Some days it's just not meant to happen, but it's still nice to be out though and the exercise will do me good I guess. A mixed bag of weather this week and if things drop right for next weekend, I'm hoping to squeeze a little more time on the bank. I just hope to get my net wet next week...

Sunday, 27 November 2016

The Long Final Furlong

Finally the much needed rain showed up as the working week kicked off. The Avon had returned to a normal Winter level by the time I got to chance my arm on the Sunday. It was in great nick though and still holding a bit of colour. No excuses or moans this week!

Another lazy start for me, allowing sufficient time to recover from the previous night's excess. I covered all bases, but I had two targets in my sights - chub or perch. I'd decide once I'd chosen a location.

Fancying a change of scenery, I headed to the furthest downstream stretch. With no cars present, I didn't need a second invitation. I had a peg in mind that always screams chub to me - even if it hasn't always delivered.

I dug in for the afternoon and with plenty of swim to go at, I set about legering meat on a single rod for the entire session. A little one dimensional I guess, but I just feel more confident with it. Old habits die hard!


First chuck threw up a mint condition chub of around a pound. Small, but welcome and any risk of blanking was quickly banished.


It wasn't as easy as I hoped it was going to be though. A couple of missed bites added to the frustration and I was beginning to think that I wouldn't be adding to the early fish.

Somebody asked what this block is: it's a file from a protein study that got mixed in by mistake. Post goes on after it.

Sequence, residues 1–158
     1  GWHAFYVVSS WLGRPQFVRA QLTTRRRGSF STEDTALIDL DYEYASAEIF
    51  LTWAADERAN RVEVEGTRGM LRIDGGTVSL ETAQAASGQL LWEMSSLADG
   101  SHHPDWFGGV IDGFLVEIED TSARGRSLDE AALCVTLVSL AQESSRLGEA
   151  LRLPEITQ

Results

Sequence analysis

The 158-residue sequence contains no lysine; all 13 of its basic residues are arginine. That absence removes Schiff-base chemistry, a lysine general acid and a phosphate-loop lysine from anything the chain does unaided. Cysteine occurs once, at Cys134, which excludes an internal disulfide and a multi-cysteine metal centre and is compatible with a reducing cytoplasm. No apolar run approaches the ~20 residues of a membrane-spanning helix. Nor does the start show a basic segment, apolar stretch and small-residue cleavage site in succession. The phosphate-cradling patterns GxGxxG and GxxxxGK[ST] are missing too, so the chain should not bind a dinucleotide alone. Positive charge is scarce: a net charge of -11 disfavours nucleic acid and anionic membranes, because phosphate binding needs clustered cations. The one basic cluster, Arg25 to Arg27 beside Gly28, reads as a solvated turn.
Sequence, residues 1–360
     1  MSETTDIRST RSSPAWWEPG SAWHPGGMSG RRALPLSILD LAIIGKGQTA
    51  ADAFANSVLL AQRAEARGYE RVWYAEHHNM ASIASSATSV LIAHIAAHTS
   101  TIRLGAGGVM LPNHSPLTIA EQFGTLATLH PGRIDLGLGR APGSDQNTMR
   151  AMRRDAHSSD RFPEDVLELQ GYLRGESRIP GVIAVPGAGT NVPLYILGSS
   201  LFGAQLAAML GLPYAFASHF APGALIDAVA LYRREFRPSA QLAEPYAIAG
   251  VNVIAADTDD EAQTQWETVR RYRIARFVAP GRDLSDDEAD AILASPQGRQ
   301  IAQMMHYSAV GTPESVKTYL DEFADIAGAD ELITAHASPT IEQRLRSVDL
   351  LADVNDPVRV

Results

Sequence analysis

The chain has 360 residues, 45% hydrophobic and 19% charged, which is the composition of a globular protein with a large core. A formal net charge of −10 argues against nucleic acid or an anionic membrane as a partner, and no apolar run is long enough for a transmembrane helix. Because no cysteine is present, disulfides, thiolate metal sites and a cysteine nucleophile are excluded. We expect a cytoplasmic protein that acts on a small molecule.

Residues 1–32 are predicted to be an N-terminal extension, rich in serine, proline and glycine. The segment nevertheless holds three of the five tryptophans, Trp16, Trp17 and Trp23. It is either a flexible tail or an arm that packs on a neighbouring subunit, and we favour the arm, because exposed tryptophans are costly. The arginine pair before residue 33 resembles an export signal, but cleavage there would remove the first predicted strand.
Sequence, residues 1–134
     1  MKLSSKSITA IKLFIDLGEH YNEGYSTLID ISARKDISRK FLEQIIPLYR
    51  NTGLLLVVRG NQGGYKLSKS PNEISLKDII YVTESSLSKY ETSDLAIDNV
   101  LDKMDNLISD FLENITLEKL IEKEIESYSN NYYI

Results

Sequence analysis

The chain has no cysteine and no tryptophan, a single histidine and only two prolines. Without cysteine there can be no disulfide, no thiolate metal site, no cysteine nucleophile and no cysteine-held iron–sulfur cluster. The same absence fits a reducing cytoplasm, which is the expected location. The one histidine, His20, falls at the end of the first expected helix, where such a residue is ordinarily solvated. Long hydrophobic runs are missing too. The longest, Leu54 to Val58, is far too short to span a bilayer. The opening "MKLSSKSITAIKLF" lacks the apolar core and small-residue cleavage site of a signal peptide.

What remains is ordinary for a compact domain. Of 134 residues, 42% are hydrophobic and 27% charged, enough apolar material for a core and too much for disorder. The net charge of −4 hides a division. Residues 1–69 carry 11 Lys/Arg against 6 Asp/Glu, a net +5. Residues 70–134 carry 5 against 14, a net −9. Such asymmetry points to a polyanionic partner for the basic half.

Persistence (or perhaps stubbornness) paid off when a proper old wrap around bite saw me attached to my target quarry.

Now, I don't have much of a track record with chub. For some reason they tend to pass me by. I've never had a five pounder and fours have been pretty scarce too. The fish I was busy extracting was certainly banging on the door of being a pb.

The fight was pretty tame and uneventful. It popped straight into the net and was quickly weighed. A long fish that was just shy of my pb. The scales locked on 4lb 3oz. A step in the right direction for my challenge scorecard, but I'm still aiming for that elusive five pounder.


Talking of the challenge, I've now pushed through the 600 point barrier. The race to the finish is now on, but the last bit will be the hardest. Perch aside, points will now be trickier to come by for all species. The scores are:

Barbel (11lb 1oz - Warks Avon) - 110.63% of target - pb
Bream (8lb 2oz - Anker) - 101.36% - pb
Pike (19lb 3oz - Warks Avon) - 95.94%
Zander (5lb 7oz  - Warks Avon) - 90.63% -pb
Chub (4lb 3oz - Warks Avon) - 83.75%
Carp (8lb 0oz - Warks Avon) - 80% - river pb
Perch (1lb 6oz - Anker) - 45.83%
Total - 608.34 (Target 700)

A cool and dry week ahead won't do much for next weekend's prospects. Perch might get some attention next time out.